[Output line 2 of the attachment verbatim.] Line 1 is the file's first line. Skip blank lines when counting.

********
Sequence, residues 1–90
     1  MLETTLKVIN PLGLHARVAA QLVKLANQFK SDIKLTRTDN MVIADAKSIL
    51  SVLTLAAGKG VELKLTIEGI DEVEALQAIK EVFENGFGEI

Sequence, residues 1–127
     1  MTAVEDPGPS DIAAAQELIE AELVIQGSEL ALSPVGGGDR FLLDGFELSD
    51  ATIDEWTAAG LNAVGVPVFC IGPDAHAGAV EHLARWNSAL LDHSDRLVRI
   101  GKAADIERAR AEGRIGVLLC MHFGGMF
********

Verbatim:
     1  MLETTLKVIN PLGLHARVAA QLVKLANQFK SDIKLTRTDN MVIADAKSIL